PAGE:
Corporate Banner
Satellite Banner
Biomolecular Screening
Scientific Community
Become a Member | Sign in
Home>News>This Article

Mirna Therapeutics Presents Preclinical Data on Lead Product Candidate

Published: Thursday, January 24, 2013
Last Updated: Thursday, January 24, 2013
Bookmark and Share
Mirna Therapeutics, Inc. announced that new preclinical data from its lead product candidate will be presented this week at the Keystone conference on Non-coding RNAs in Development and Cancer.

New data will be presented on the pharmacology, pharmacokinetics and toxicology of MRX34, a liposomal formulation containing a mimic of the miR-34 tumor suppressor. miR-34 represses the expression of more than 20 oncogenes and inhibits processes required for cancer cell viability, cancer stemness, metastasis, and chemoresistance. The company has previously demonstrated that intravenous administration of the miR-34 mimic can inhibit the growth of pre-existing B-cell lymphoma, liver, lung and prostate cancer (Craig et al., 2012; Wiggins et al., 2010, Trang et al., 2011, Liu et al., 2011).

MRX34 was well tolerated in rodents and non-human primates during IND-enabling studies and did not induce RNAi-mediated toll-like receptor activation or immune response at anticipated therapeutic dose levels. The pharmacokinetic profiles suggest a satisfactory residence time in blood and will be used to determine the recommended human starting dose and treatment regimen in the clinic.

“These data continue to support the safety profile and therapeutic potential of MRX34. We are on track to file an Investigational New Drug application (IND) for MRX34 with the US Food and Drug Administration and initiate clinical testing of this miRNA replacement therapy approach in the first half of this year in patients diagnosed with primary liver cancer or advanced solid cancers with liver involvement,” said Paul Lammers, M.D., President and Chief Executive Officer of Mirna Therapeutics.

This project was funded in part by a Cancer Prevention and Research Institute of Texas (CPRIT) Commercialization grant.

Further Information

Join For Free

Access to this exclusive content is for Technology Networks Premium members only.

Join Technology Networks Premium for free access to:

  • Exclusive articles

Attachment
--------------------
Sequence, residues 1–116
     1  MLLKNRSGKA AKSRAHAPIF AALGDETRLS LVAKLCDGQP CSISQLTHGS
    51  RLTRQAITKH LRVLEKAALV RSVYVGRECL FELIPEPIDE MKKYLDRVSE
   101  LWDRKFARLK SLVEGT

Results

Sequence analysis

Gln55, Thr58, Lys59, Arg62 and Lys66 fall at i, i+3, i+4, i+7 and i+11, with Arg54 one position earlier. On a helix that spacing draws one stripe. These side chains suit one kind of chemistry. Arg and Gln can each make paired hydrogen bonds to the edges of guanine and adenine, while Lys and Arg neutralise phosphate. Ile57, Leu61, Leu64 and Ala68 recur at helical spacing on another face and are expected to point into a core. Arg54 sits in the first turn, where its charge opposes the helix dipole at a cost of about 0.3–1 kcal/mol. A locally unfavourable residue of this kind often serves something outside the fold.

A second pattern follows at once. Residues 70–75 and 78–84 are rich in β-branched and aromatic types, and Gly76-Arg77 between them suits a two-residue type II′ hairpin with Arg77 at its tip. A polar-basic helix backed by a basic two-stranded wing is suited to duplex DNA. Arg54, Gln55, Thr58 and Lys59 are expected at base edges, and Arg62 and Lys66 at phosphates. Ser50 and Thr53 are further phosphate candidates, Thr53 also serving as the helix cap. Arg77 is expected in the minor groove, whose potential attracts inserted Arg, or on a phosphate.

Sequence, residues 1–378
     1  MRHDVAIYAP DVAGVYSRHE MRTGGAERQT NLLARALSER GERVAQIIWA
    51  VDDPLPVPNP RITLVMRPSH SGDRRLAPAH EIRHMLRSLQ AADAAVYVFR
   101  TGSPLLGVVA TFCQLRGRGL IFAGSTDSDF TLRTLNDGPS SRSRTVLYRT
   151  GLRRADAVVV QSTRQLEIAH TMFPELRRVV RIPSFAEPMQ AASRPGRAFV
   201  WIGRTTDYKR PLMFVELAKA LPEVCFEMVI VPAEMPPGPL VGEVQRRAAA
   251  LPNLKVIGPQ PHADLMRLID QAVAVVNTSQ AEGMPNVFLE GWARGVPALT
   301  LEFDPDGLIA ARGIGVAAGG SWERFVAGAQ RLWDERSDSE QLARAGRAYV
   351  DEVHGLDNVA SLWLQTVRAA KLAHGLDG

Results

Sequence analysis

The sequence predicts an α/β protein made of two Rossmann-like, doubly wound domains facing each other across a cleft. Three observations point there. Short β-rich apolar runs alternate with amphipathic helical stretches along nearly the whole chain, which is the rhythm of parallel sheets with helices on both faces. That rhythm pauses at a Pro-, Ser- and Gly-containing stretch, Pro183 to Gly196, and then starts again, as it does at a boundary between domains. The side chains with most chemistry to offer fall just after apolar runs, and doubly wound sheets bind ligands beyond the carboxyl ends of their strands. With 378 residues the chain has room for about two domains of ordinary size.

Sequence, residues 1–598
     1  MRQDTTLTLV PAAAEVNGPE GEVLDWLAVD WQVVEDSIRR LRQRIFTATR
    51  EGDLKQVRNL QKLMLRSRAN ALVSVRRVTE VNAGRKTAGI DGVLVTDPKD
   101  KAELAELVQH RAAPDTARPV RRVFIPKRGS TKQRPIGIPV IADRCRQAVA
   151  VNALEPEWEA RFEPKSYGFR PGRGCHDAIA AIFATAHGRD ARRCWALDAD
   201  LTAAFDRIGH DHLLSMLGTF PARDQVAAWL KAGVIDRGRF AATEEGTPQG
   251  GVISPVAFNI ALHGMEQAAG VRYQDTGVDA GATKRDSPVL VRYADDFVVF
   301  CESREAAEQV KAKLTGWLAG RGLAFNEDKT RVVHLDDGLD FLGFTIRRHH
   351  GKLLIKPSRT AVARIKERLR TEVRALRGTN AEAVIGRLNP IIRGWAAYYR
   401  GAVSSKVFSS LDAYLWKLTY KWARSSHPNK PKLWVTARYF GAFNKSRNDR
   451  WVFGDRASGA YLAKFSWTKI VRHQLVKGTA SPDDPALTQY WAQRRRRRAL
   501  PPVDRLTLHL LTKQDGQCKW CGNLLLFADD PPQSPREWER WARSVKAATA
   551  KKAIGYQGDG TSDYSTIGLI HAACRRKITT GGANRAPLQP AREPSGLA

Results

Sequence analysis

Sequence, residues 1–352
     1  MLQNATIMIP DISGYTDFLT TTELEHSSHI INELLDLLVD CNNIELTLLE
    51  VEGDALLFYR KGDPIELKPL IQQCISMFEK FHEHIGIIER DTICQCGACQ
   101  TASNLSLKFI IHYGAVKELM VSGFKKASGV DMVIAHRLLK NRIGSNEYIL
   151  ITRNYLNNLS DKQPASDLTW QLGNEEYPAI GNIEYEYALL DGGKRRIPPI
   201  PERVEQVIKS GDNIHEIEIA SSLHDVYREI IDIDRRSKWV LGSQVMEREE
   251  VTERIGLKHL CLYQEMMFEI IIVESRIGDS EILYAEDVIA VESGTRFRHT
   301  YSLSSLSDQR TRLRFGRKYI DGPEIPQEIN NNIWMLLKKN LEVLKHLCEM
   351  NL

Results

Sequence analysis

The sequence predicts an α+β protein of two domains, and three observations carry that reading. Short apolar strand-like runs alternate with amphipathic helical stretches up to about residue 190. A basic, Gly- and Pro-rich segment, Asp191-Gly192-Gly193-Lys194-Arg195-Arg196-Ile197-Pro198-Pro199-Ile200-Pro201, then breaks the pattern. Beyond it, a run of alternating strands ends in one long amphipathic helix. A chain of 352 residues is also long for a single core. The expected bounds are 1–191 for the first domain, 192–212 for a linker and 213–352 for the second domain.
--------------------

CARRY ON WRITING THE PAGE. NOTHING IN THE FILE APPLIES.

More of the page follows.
• Presentations from international conferences
  • Over 3,500+ scientific posters on ePosters
  • More than 5,200+ scientific videos on LabTube
  • 35 community eNewsletters

Sign In

Forgotten your details? Click Here
If you are not a member you can join here

*Please note: By logging into you agree to accept the use of cookies. To find out more about the cookies we use and how to delete them, see our privacy policy.

Scientific News
Promising Blood Test Fails to Yield Clues About Best Strategies for Bladder Cancer Treatment
Penn Medicine research challenges previous findings on utility of neutrophil-to-lymphocyte ratio as a biomarker.
Influential Cancer Researcher Receives Agilent Thought Leader Award
Biologist Scott Lowe receives award in recognition for his contributions to cancer biology.
Startup Seeks More Precise Prostate Cancer Screening
Gregor Diagnostics aims to bring a non-invasive prostate cancer screening test to the market.
Tumor Markers Reveal Lethality Of Bladder Cancers
Researchers found that detection of certain tumor cells in early stage cancers helps identify high-risk cancers.
Drug Target for Triple-Negative Breast Cancer Found
A team of researchers led by UC San Francisco scientists has identified a new drug target for triple-negative breast cancer.
Preventing "Friendly Fire" in the Pancreas
Researchers inhibit process that leads to the body attacking its own insulin-producing cells.
3D-Printed Heart-On-A-Chip with Integrated Sensors
Researchers have created the first 3D-printed organ-on-a-chip with integrated sensors, paving the way for more complex, customizable devices.
Smartphone Laboratory Detects Cancer
Researchers develop low-cost, portable laboratory on a smartphonecapable of analysing multiple samples simultaneously.
First Entirely 3D-printed Organ-on-a-Chip with Integrated Sensors
New approach to manufacturing may allow researchers to rapidly design organs-on-chips that match the properties of a specific disease or individual patient's cells.
Bacterial Genes Boost Current in Human Cells
Borrowing and tweaking bacterial genes to enhance electrical activity might treat heart, nervous system injury.
Skyscraper Banner

Skyscraper Banner
Go to LabTube
Go to eposters
Access to the latest scientific news
Exclusive articles
Upload and share your posters on ePosters
Latest presentations and webinars
View a library of 1,800+ scientific and medical posters
3,500+ scientific and medical posters
A library of 2,500+ scientific videos on LabTube
5,200+ scientific videos